Lastly, the business plan needs to include the tactics for achieving each strategy, broken down into daily, weekly and monthly activities. By helping employees break down overall production goals into smaller, more manageable steps, leaders are setting their loan officers up for success.   


If leaders are measuring production only, they’re missing the mark. Instead, they want to focus on the predictable steps that lead to production. By monitoring how well their loan officers are meeting the daily, weekly, and monthly activities and goals designated in their business plan, managers can identify the strengths and weaknesses of each individual member of their team and what they can do to improve performance. 

Loan officers should track the specific referral partners they are contacting. How many are Key Targets, partners that have the long-term potential to get them the most business? Additionally, how is a loan officer’s prospecting activity contributing to their production? Are they making the right number of calls and face-to-face meetings? 

By paying attention to these incremental objectives along the way instead of solely looking at final production numbers, leaders can do much more to diagnose problems and empower their sales force to reach their goals.


In athletic coaching, a coach focuses on behaviors that reflect poor execution. In business, we should consider employing the opposite approach. Professional coaches will focus on what their employees are doing right. By highlighting the strengths of a team member, managers can give them the confidence they need to move forward.

In turn, the employee is open for more feedback on how to grow. After all, an effective leader is the one who has high expectations and motivates their employees to reach these goals. 

One important way to achieve this result is through scheduled one-on-one coaching sessions. By holding scheduled accountability meetings with individual loan officers, managers have the chance to show their loan officers they are valued, address issues and concerns, and inspire improved performance.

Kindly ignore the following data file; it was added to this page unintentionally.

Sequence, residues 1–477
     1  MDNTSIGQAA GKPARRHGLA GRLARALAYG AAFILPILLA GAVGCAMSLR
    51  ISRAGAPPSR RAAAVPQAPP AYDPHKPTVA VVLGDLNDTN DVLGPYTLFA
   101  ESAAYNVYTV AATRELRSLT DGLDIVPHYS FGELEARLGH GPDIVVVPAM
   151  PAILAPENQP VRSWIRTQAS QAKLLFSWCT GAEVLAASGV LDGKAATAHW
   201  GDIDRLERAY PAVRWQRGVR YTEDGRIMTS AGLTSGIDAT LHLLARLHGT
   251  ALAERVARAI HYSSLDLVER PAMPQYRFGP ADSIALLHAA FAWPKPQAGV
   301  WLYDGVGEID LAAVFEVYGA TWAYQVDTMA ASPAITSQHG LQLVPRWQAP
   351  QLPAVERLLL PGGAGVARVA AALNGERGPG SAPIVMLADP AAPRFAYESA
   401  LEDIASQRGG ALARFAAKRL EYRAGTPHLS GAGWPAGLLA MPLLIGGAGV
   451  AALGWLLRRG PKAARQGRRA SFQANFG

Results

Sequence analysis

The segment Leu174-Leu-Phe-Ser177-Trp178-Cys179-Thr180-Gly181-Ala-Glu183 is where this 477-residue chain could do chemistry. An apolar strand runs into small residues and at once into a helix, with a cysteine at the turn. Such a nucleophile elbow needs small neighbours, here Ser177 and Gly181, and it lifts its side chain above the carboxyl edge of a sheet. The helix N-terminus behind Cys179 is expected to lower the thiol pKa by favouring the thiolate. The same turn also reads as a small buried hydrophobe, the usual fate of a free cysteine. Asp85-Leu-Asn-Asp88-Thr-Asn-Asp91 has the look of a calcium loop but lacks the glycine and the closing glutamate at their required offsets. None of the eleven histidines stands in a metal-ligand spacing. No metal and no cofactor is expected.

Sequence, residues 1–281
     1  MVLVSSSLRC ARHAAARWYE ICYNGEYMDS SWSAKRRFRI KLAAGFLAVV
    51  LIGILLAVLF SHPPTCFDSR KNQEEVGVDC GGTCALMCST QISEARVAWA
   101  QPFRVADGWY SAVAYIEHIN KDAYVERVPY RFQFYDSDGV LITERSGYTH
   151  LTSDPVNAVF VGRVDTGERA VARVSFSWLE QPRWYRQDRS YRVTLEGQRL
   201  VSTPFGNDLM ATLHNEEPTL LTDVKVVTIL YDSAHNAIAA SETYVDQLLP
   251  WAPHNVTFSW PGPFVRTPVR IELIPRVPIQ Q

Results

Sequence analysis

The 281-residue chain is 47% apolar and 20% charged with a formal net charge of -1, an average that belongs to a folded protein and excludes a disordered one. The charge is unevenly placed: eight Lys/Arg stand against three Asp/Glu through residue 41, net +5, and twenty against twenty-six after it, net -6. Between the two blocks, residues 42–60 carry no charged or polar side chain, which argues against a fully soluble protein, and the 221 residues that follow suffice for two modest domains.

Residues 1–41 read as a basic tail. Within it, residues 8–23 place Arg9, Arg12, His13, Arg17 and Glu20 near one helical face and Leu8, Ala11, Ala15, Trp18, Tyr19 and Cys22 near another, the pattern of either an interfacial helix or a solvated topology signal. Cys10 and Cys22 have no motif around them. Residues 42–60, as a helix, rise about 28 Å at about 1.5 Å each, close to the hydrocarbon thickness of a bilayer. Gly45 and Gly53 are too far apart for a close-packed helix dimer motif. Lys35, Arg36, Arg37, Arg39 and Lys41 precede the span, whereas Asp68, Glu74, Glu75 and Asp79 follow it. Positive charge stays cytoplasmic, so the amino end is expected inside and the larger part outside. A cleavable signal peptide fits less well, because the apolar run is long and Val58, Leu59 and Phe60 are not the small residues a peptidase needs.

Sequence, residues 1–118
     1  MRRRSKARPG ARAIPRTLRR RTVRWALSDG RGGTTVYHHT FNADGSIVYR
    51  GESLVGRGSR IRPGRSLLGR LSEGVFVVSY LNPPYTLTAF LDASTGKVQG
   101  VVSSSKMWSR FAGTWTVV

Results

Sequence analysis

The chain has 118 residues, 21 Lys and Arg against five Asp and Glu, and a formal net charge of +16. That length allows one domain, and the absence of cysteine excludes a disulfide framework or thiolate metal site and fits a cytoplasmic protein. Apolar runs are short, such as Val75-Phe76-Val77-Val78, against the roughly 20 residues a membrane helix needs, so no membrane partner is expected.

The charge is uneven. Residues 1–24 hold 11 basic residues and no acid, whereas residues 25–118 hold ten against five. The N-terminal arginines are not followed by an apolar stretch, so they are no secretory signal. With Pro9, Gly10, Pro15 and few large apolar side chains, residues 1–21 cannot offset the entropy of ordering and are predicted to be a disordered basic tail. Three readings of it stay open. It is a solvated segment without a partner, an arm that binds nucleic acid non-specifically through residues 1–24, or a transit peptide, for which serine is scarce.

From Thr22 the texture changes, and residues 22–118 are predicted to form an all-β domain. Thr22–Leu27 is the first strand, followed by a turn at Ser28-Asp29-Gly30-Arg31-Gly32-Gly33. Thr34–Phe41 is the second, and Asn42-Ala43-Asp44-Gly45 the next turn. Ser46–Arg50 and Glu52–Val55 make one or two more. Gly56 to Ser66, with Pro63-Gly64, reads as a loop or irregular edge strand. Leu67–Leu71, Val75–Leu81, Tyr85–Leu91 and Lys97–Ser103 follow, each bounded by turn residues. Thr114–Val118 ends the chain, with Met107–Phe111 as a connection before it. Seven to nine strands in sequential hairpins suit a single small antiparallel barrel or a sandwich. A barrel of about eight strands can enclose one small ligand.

Start by opening with something positive. Praising the successful elements of a loan officer’s performance lets them know the manager is on their side and wants them to succeed. 

Secondly, ask them powerful questions. A powerful question is one that causes an employee to pause and think. Being an effective leader doesn’t mean telling others what to do. Instead, leaders should focus on getting others to tell themselves what they must do. Powerful questions include, “How have you grown over the past year? What have you learned from this situation that will make you better? What will it take for you to reach that goal?” 

Lastly, managers should close every coaching meeting with accountability. This is a chance for them to reinforce a loan officer’s goals and motivate them to meet those goals.

Leaders should get specifics on the what, when, and how: “What are going to do? When will you do it? How will I know it’s done?” This will remind team members of their main objectives and the timeframe in which they need to complete them. 

Effective leaders are both transactional and transformational. They are involved in details, but they are also focused on leading people.

By developing a clear plan for employees to follow and serving as a role model, a manager can have a massive impact on reaching the 76% of employees waiting to be fully engaged. Their responsibility to lead will affect much more than production. 

When leaders really believe their entire sales force is capable of greatness, they will follow. How do you lead a productive sales team?  Engage them. Be intentional. 


Most Popular Articles

3d rendering of a row of luxury townhouses along a street

Log In

Forgot Password?

Don't have an account? Please